Jordanian lawmaker says Israeli can be held as 'bargaining chip'
Nidal a-Taani, head of the Foreign Affairs Committee in the Jordanian Parliament, urges the government to exchange the Israeli national detained on Tuesday for 2 Jordanian citizens, who the kingdom claims are held illegally and without charges
Jordanian authorities arrested the Israeli national who was swimming in the Jordan River on Tuesday and allegedly reached the Jordanian border after the current carried him to the river’s eastern part. He was taken by Jordanian security forces for further questioning, while the Foreign Ministry said the incident was under investigation.
"From a political standpoint, we cannot talk about prisoner exchange with the occupation, but we can use the Israeli as a bargaining chip for two Jordanian prisoners in Israel,” Nidal a-Taani, head of the Foreign Affairs Committee in the Jordanian Parliament, was quoted as saying.
The two Jordanian detainees in question are Hiba Labadi and Abdul Rahman Miri, who the kingdom claims are held illegally and without charges.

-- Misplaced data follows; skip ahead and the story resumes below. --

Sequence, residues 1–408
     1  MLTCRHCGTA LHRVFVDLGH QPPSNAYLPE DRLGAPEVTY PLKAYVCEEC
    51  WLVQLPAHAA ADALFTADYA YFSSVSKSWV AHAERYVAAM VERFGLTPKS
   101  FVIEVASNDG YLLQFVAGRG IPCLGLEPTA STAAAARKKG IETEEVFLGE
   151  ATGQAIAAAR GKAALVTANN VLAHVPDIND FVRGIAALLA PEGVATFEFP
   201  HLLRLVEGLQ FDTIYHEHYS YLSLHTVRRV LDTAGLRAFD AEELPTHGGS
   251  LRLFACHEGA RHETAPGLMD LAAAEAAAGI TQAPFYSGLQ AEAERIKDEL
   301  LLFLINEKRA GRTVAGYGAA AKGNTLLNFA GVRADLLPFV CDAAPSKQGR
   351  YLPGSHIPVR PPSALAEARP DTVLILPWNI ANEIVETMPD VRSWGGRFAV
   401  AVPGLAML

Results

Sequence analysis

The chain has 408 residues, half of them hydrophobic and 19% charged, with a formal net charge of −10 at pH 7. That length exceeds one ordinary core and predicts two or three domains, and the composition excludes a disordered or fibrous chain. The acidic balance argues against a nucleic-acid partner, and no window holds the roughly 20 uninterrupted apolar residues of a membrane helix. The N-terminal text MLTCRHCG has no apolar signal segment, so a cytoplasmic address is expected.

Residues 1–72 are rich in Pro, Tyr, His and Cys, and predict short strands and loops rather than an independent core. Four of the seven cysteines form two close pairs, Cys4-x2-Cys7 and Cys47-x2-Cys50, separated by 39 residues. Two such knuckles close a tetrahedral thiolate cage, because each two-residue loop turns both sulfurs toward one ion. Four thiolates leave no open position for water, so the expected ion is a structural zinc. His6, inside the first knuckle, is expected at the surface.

On Tuesday, Jordan recalled its ambassador to Israel for consultations in protest over Israel’s refusal to heed its demands to release the two citizens. Ayman Safadi said in a tweet he held the Israeli government responsible for the lives of Labadi and Rahman Miri whose “health conditions have severely deteriorated.” He added that recalling the envoy was a first step but did not elaborate.
In addition, Wednesday's report in the London-based Al-Quds-Al-Arabi newspaper claimed that another Jordanian parliamentarian, Khalil Attia, urged the government not to free the Israeli detainee until all Jordanian nationals held in Israeli prisons are released.
“The release of all Jordanians is now on the agenda,” he said. “There are at least 22 Jordanian citizens in Israeli prisons.”
Jordan’s relations with Israel have been strained in recent years and the kingdom, which is one of only two Arab states that have a peace treaty with its neighbor, fears Israel’s annexation of territory in the West Bank dashes hopes of a future Palestinian state.
The peace treaty with Israel is unpopular among the people of Jordan, where pro-Palestinian sentiment is widespread. Many of Jordan’s 7 million citizens are of Palestinian origin.
Reuters contributed to this report